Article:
Valor got really pumped about Halloween this year. We walked around the neighborhood the week before to see the “Halloween scenes,” as Valor calls them, on people’s porches. I thought seeing the “scary” things in the daytime would help prepare him for the night of trick-or-treating. We also practiced a script that went something like this:
Abby: Valor, what do you do after you ring the doorbell and they open the door?
Valor: Say Trick or Treat!
Abby: Then what happens?
Valor: Give you candy!
Abby: Right! And then what do you say?
Valor: Trick or Treat!
Fortunately Valor scored Princess Lily to go trick-or-treating with, who, at 4, knows the script a lot better than he did. John reported that he did a good job, in spite of some heart-pounding encounters with animatronic witches and whatnot. One house had two fake-blood handprints and the word “HELP!” drawn out in fake blood on their storm door. Didn’t seem to phase Valor at all (probably because he can’t read), but John found it dripping with biblical imagery. At the last few houses, the dragon was without the assistance of the princess, and started getting creative with the script: the final “thank you” which he never really mastered was replaced by an emphatic “I want M&Ms!” Yes, M&Ms, Smarties, Twizzlers, and Gummy LifeSavers were his favorites.
When his stash was finally consumed a few days ago, Valor asked to go trick-or-treating again. I had to explain that it only happens once a year, that no one would have candy for him now. It was sad to see him realize that, just when he got the hang of it, Halloween was all over for (what seems to him like) a really long time.
Let’s back up to a little more Halloween fun. These are our friends, Ole and Margaret, who we’ve become close to over the past five months. They are 10 years younger than us, but they like 80s music—score! They have been an answer to prayer: friends who commute to church with us in Morehead but live close by in New Bern. Ole flies helicopters for the Marines, and we’ve learned a lot about military life through his stories. And that’s all I will say about that.
A couple weeks ago they took us on the base to show Valor the helicopters and let him climb inside one that was in the hangar for repairs. Valor wanted to push all the buttons, of course. “Look at all the clocks!” he said, pointing to the dials in the cockpit. And outside on the tarmac he flitted from helicopter to helicopter, trying to climb into each one. I don’t think he ever fully understood why we didn’t let him take off.
On the pregnancy front (yes, the video at the end of our last post revealed that #5 is due in June), I am 11 weeks now and so far everything seems to be ok. Although I have had no bad symptoms, we still have times of terror, doubt, and anxiety. I rented a heartbeat monitor at 10 weeks, and when I couldn’t detect the heartbeat, I started to get worried. Today my obgyn also couldn’t detect a heartbeat, which she said was not unusual for this point in the pregnancy, but it would have been reassuring to have heard it. I couldn’t get in for an ultrasound until Monday. So we are trying to rest in God’s sovereignty and care.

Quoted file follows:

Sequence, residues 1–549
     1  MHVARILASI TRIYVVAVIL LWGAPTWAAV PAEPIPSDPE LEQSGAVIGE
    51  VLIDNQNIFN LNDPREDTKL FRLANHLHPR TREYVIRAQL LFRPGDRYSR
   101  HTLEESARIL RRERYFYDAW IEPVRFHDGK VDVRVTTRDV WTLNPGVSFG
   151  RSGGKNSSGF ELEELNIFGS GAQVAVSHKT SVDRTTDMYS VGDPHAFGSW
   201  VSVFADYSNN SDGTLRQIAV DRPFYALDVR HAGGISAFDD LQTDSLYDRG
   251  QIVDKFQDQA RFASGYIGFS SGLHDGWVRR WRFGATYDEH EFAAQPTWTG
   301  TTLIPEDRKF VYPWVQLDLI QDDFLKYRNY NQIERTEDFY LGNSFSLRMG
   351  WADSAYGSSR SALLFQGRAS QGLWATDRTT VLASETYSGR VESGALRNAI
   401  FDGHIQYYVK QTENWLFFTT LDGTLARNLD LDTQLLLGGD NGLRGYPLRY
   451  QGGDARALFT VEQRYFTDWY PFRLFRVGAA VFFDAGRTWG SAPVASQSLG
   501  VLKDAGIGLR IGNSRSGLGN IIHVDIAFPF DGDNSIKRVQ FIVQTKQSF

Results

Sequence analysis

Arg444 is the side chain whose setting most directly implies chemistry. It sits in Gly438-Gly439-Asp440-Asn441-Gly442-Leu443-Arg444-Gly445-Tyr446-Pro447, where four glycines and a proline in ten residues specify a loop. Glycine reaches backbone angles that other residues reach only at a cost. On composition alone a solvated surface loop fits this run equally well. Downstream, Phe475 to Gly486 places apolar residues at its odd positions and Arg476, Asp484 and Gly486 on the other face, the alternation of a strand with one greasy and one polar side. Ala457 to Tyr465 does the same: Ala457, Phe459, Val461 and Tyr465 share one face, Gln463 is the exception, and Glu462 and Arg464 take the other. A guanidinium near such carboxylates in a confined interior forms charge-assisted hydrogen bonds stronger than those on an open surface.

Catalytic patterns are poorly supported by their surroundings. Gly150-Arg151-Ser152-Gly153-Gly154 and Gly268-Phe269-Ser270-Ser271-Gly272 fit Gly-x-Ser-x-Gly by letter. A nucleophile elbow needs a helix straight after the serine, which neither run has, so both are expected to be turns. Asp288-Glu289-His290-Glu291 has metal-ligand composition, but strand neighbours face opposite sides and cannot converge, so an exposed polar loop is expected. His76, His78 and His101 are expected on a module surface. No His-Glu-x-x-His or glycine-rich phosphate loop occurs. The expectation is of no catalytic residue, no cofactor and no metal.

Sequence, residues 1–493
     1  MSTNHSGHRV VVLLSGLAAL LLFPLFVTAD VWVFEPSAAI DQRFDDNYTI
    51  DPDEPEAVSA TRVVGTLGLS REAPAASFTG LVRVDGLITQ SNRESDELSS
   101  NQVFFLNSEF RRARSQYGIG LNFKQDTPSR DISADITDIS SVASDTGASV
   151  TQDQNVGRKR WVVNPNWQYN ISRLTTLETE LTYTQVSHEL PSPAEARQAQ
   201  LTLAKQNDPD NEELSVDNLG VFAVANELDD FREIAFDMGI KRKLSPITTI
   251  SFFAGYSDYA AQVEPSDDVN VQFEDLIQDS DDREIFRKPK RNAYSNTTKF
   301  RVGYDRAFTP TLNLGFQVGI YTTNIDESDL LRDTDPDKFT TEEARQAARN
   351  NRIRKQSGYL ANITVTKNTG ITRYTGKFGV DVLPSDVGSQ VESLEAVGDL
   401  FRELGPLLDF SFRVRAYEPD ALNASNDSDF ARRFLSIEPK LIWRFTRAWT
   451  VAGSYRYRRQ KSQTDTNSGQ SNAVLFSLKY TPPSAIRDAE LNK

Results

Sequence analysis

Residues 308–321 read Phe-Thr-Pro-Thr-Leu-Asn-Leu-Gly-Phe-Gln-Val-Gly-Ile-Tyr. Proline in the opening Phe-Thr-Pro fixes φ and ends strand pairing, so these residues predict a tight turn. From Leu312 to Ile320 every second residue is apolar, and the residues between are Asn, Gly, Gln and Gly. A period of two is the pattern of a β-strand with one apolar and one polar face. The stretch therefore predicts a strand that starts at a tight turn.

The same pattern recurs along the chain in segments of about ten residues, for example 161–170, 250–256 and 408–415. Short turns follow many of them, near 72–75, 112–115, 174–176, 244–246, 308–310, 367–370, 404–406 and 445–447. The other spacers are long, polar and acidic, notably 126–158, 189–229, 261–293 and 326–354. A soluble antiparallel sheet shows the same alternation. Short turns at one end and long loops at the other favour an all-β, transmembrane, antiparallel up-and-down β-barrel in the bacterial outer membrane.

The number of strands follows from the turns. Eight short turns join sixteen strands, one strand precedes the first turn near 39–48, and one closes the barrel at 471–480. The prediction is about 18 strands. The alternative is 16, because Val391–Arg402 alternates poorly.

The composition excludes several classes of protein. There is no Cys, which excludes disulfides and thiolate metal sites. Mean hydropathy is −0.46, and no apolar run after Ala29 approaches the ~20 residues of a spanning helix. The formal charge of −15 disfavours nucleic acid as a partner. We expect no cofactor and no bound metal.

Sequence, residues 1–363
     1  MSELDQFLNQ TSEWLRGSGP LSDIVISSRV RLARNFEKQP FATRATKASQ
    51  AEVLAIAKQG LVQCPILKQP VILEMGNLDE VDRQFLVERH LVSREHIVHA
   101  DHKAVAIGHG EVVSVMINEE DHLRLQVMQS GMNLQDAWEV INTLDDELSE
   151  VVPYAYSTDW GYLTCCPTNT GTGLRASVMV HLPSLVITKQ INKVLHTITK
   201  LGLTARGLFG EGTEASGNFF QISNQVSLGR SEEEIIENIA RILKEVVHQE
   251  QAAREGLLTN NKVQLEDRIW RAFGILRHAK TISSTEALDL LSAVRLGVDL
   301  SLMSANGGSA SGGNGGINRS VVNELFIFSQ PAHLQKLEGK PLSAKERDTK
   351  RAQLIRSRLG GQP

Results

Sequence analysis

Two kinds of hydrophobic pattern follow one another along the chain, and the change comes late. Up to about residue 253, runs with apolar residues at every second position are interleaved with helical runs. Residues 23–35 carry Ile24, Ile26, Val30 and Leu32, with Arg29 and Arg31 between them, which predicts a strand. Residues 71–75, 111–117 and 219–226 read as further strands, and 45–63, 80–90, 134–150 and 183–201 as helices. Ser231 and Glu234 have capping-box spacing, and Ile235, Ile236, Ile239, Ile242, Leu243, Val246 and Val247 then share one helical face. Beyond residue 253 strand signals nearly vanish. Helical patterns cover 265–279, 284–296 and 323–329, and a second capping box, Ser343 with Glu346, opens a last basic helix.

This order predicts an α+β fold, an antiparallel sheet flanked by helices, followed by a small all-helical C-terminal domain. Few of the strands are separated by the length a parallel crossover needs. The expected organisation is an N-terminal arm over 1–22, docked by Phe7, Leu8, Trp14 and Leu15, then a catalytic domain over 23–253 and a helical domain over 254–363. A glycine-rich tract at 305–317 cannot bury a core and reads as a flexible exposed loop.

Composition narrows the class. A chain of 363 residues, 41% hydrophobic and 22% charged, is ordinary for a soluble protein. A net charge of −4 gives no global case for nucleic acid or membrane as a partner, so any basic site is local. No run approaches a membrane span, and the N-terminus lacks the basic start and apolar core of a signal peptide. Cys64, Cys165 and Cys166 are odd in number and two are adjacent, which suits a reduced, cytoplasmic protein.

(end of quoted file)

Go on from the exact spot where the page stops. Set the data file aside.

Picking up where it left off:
I am also learning that there is a difference between trusting that God is in control and just feeling helpless and fatalistic about the outcome. I am trying to fight my tendency to mitigate pain by lowering my expectations. Here is a quote from Paul Miller’s A Praying Life that was just what I needed this week:
“To be cynical is to be distant….A praying life is just the opposite. It engages evil. It doesn’t take no for an answer. The psalmist was in God’s face, hoping, dreaming, asking. Prayer is feisty. Cynicism, on the other hand, merely critiques. It is passive, cocooning itself from the passions of the great cosmic battle we are engaged in. It is without hope.” (p. 79)
This also reminded me of how King David fasted and prayed fervently for the life of his son in 2 Samuel 12. Even though Nathan the prophet had told him that God had decreed the child would die, he didn’t take that for a final answer and continued to passionately engage God for his baby’s life. He thought, “Who knows? The LORD may be be gracious to me and let the child live” (2 Sam. 12:22). When the son did die, David accepted this and worshipped God. But David believed in a “Who knows?” God, a God who is loving and mighty and able to save. That’s what I need to remember.
Our friends the Kennedys flew up from Orlando to visit in early November. Valor was pretty sure they came just to play with him. We played lots of games and had good long talks. It was really encouraging to spend time with them and learn more of their story.
We finally heard from the NIH about James’s CGH test. Answer to prayer: it worked the second time they did it, and interestingly his DNA came back totally normal, with no significant regions of heterogygosity at all. So, the genetics front is a complete dead end for understanding the highly unusual House of Gjertsen, at least until they develop some better DNA tests.
The leaves here have flared into color and fallen from the trees, and Valor’s beloved neighborhood “Halloween scenes” have all been packed away. He is sad that Halloween is gone, but I told him that soon there will be “Christmas scenes” to see. We are so thankful for the sharp corner of human history that is the Incarnation. Everything changed, that first Noel! Christmas brings hope to us again this year, even in our own uncertainties with the pregnancy. We’ve already hung our new Christmas light balls outside. It’s hard to resist giving Valor something else to get excited about.